In addition to spending increasingly more time in Israel in the future, the way that I’m going to demonstrate my hopes that Israel will live up to its promise of a Jewish, Zionistic and democratic state will be to support Israeli Jewish groups that bolster democracy in Israel. Additionally, as an American Zionist, I will no longer support American Jewish organizations that uncritically back the current U.S. administration when its policies and bigoted rhetoric conflict with my Jewish values. Yes – there’s a lot at stake for Jewish organizations in opposing any U.S. administration. But personally, I feel like I’m selling out my Jewish values if I remain silent when President Trump, or a member of any U.S. political party, makes ad hominin attacks that directly conflict with Jewish values on human dignity and civility.

When it comes to the Jewish community, the rabbinic leadership obligation and, I believe the leadership imperative of any Jewish professional who directs a Jewish organization, is to address significant issues when they conflict with Jewish values and to applaud those that support Jewish values. Addressing critical issues is a bipartisan Jewish leadership principle, one that allows a person to lead with integrity and authenticity. As a member of a faith community, we have the right and I believe the need to express our perspectives on critical issues in our country, recognizing that we are speaking within the context of a secular democracy. We get to contribute to a national conversation, using our authentic voice, but with the recognition that we have some truth to contribute, as others do as well. Along with that obligation, we have the responsibility to speak with empathy for those who do not agree with us, and humility so that we can learn from others. Ultimately, as a U.S., rabbinic American Zionist, I believe that an America that lives up to its highest values is good for America and good for Israel. What do you think? And looking forward to your respectful response – thank you.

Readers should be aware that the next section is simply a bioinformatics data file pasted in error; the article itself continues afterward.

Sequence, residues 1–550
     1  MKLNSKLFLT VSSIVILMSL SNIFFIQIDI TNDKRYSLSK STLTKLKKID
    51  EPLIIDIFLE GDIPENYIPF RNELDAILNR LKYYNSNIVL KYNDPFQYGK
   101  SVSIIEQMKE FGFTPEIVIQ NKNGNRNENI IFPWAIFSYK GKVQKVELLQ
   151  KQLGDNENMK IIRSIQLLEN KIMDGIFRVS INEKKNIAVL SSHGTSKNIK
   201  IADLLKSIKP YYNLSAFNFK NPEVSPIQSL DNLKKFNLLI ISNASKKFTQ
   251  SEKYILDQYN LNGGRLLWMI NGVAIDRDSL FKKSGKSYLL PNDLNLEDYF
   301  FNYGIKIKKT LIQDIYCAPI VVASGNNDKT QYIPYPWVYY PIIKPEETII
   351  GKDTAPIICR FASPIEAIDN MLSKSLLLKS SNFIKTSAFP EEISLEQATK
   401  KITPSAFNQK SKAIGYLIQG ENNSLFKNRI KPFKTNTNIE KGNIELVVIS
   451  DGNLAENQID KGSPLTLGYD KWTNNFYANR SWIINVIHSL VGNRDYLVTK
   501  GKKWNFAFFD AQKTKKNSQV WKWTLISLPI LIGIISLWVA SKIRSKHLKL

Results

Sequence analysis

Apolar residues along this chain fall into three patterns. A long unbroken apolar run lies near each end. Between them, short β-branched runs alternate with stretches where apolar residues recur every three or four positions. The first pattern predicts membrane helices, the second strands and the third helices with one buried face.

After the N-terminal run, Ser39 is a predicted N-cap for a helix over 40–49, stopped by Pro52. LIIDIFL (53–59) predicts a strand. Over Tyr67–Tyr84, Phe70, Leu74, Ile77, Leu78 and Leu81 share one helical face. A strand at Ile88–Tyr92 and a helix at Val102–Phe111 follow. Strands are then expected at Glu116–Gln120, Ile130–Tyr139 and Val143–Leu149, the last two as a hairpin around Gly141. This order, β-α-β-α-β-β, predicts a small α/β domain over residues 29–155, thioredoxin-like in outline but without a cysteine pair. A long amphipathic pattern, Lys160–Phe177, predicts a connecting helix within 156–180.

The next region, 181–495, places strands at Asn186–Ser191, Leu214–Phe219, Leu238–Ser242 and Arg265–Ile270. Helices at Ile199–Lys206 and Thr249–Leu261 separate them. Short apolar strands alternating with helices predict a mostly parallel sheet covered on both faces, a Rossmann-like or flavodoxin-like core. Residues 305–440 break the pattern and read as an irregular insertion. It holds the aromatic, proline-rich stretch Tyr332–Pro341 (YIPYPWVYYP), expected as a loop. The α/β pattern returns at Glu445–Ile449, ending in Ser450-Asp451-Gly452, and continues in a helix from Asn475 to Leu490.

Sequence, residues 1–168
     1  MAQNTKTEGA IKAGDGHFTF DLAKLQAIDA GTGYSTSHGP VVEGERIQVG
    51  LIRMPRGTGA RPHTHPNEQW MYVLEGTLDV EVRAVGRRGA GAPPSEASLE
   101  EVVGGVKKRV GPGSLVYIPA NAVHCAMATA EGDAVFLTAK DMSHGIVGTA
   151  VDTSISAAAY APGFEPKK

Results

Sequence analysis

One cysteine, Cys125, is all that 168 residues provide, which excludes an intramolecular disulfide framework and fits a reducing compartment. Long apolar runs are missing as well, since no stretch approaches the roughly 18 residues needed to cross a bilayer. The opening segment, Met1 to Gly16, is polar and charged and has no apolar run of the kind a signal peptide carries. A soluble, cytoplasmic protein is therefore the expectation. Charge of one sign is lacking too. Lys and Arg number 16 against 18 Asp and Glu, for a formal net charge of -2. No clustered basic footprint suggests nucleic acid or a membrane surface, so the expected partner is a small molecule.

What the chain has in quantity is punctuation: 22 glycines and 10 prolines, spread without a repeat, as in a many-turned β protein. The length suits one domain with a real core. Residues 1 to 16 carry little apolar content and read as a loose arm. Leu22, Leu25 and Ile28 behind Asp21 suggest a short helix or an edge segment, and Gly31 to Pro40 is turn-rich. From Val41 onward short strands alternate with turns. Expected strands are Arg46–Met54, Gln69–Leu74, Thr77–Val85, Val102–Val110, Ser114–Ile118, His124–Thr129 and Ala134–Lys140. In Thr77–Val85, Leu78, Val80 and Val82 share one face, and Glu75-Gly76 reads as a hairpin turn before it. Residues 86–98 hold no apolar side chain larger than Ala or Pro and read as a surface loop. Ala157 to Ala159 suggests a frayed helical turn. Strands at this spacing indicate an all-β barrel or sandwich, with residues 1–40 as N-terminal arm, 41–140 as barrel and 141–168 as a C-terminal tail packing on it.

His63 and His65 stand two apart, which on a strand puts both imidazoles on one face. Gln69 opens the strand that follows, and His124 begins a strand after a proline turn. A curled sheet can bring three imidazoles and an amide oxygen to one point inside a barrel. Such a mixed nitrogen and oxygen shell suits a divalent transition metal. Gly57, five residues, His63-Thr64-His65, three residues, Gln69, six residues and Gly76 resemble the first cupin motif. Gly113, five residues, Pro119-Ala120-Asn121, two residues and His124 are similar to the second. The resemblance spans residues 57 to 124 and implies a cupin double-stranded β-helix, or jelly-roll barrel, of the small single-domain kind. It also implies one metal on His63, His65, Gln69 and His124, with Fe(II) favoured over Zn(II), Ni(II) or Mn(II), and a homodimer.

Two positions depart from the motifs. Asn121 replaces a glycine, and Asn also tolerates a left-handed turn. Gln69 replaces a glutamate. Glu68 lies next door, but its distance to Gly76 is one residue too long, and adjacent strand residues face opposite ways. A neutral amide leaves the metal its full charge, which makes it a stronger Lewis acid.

Rabbi Hayim Herring, Ph.D., is an author, consultant and nonprofit organizational futurist who holds a doctorate in Organization and Management. A “C-suite” leader, Hayim has worked with over 300 rabbis and congregations of all sizes and denominations throughout North America on issues including assessment, volunteer leadership development, strategic planning, organizational foresight and innovation. His most recent publications are Leading Congregations and Nonprofits in a Connected World: Platforms, People, and Purpose, with Dr. Terri Elton (2016) and, Tomorrow’s Synagogue Today. Creating Vibrant Centers of Jewish (2012).